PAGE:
Posts Tagged 'Parsnip Pie'

buried treasure

Living in Northern Wisconsin has it’s perks, to be sure. But it also means coming to terms with being a step or two behind most of the world. Fashion trends, for instance, typically don’t make their way up here until they are already on their way out in most places. Or, wait. Do they ever even make it up here? Not really sure on that. Likewise, when the spring barrage of cooking mags start pouring in with glorious photos of rhubarb and spring peas, I take it with a grain of salt. I’m lucky if I get my first pea harvest by the end of June.

I know to set my new throng of must-try seasonal recipes aside for at least another month or two. Still, my heart goes pitter-patter at the mere thought of fresh produce. On a whim I go out to check my most promising contender – the parsnip patch. I plant a few rows of parsnips every summer. Half of them I devour in the fall, and half I leave well mulched in the ground for a spring feast. Parsnips are good in the fall, but they’re even better after a winter underground. The frost converts some of their starch to sugar and gives them an unbeatable subtle sweetness.

parsnips

I grab the yard stick on the way out the door. As I suspected, things do not look promising. My gnarly jewels are buried under thirty-six inches of hard snow pack. I desperately rack my brain for some of the benefits of living on Lake Superior. There must be some, I’m sure of it, but at the moment all I can focus on is my hidden treasure. Clearly this is going to require some human intervention. I strike hard with my shovel, keeping my eyes on the prize. It becomes immediately obvious that my plastic tool is no match for 3 feet of snow that has repeatedly thawed and frozen over the season.

Time for the big guns. I summon my husband Mark and his unwieldy beast of a snow blower. I doubt I’ll even have to plead. Mark is sort of a snow blowing nut. He must find it satisfying work. Halfway through the winter I discovered an amazing labyrinth of paths criss crossing the upper half of our property. I had no idea. When I confronted him about it, he burst out singing “Don’t Fence Me In” and claimed that a fella needs to roam. Did I mention we have long winters?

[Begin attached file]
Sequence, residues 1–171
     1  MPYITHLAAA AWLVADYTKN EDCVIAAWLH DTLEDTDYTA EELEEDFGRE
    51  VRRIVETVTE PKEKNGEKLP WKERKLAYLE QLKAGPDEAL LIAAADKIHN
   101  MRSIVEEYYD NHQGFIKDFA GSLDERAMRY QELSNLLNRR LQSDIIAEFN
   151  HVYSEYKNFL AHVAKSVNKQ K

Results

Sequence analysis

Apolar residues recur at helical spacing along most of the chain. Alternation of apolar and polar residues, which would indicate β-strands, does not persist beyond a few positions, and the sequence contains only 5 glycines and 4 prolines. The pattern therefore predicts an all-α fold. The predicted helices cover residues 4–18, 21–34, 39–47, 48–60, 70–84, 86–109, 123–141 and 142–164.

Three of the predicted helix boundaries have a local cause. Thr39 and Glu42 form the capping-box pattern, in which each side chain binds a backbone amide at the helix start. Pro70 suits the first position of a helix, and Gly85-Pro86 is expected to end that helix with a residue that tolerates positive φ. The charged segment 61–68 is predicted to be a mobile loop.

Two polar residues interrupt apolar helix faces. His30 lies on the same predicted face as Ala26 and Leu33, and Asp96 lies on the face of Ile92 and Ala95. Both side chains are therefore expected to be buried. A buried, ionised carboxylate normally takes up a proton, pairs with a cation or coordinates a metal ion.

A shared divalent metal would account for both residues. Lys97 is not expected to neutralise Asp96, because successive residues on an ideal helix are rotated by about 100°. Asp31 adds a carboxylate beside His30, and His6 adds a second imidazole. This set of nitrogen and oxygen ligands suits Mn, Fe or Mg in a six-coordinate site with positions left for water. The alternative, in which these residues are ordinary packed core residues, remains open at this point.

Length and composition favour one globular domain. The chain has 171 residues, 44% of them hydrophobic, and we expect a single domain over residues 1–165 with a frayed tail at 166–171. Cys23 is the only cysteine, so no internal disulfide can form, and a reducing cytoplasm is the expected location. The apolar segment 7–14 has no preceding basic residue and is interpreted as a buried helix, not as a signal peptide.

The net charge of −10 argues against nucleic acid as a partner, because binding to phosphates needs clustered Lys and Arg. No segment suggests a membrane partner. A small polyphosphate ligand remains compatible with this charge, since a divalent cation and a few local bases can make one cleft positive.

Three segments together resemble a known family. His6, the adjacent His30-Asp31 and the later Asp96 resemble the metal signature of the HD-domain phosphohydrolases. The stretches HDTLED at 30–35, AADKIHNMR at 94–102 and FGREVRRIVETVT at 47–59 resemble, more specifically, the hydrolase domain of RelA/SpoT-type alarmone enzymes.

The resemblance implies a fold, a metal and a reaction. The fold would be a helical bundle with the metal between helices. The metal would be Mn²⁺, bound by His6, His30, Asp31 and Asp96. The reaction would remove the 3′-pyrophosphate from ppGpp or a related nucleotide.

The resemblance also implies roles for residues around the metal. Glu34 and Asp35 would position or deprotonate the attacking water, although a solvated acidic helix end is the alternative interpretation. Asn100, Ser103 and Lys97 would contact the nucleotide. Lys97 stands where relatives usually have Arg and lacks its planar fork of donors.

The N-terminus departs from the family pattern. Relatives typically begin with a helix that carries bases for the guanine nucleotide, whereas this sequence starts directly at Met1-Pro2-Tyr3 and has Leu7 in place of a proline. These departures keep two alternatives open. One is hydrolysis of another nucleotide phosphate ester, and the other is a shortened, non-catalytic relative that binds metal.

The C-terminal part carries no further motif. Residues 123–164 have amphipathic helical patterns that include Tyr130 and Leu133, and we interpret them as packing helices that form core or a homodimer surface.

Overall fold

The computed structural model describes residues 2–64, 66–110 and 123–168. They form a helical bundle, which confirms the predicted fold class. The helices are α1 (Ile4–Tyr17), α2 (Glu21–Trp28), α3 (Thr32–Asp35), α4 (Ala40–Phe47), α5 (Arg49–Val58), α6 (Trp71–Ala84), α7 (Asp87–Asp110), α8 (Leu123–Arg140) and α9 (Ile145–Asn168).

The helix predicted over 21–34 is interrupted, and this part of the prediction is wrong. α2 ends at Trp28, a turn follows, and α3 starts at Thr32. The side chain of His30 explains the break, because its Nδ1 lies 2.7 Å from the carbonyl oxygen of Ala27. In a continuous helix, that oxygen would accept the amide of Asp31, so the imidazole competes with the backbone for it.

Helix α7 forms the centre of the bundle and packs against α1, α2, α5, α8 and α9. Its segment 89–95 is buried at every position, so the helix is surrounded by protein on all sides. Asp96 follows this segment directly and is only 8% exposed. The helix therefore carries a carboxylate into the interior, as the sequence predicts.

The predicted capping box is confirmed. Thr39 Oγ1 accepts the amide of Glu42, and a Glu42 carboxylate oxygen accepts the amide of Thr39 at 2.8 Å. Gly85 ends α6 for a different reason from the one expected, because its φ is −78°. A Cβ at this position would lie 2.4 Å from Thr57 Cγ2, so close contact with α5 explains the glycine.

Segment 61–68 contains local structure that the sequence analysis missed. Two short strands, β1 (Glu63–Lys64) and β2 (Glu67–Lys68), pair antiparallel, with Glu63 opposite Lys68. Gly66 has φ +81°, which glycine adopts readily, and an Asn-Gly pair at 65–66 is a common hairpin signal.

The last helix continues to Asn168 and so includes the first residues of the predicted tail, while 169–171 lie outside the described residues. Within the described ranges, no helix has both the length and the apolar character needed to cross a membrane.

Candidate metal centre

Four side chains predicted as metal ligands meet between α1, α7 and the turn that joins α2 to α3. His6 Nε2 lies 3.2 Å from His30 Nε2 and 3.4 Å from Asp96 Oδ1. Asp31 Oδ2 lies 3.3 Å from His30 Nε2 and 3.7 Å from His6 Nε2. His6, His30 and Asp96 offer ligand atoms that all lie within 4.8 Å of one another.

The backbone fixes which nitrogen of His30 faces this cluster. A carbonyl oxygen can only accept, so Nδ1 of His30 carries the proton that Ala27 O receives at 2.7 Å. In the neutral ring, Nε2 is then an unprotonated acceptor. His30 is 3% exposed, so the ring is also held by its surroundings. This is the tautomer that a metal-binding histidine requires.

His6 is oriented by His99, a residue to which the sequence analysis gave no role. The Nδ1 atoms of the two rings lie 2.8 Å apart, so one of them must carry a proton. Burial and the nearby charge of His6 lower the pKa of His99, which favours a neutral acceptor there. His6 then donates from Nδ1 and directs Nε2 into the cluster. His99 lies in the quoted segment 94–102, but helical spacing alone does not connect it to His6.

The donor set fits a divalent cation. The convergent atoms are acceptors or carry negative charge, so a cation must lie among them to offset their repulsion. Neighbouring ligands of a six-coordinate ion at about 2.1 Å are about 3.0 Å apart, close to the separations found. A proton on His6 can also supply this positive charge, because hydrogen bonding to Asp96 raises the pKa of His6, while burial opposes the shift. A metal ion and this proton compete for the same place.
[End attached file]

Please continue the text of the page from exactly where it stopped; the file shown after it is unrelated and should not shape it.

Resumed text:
spring garden

We concur that the parsnips are indeed a noble cause and Mark fires up the beast. Of course the ground is still frozen solid underneath, but we’ve made headway at least. A few weeks of spring weather is all it will take for the parsnips to start poking their heads above ground. And you can bet that I’ll be out there muscling my way through to them with a pitch fork at the first sign of a thaw.

Luckily, in the meantime, I’ve got a few parsnips lingering in the crisper from our winter CSA share. I like to mix parsnips in with other root vegetables for roasting, and equally, I love a creamy potato-parsnip mashup, but my favorite way to prepare parsnips is to feature them head on in a simple parsnip pie. It really lets them shine in an easy, comfort food sort of way way.

parsnip pie

Brown Butter Parsnip Pie

1 9-inch unbaked pastry shell*
1 1/2  pounds (roughly) parsnips
2 tablespoons tahini
3 tablespoons butter
2 tablespoon lightly crushed pecans
Salt, pepper, nutmeg

Peel and dice the parsnips. You want enough to fill the pie pan, so you can sort of eyeball or do a dry test run before you line the pie shell. Steam the parsnips until tender, about 10 minutes. While they steam, roll out the pie crust and line the pan. Brown the butter in a small sauce pan until it is nutty and fragrant, but not at all burnt. Mash the steamed parsnips with the butter and tahini and spoon the mixture into the pie shell. Leaving a few lumps of parsnips is a-okay. Fold over any edges of crust and sprinkle the top with salt, pepper and a dusting of nutmeg. Bake at 350ºF for 15 minutes. At this point, scatter the crushed pecans over the top and continue to bake for another 10 – 15 minutes,

* My standard note on the pie shell: after trying many recipes and methods, I’ve settled on Alice Waters’ pie dough in The Art of Simple Food as my standby. It is easy, straightforward, and has yet to let me down. But a frozen store bought shell would work just as well.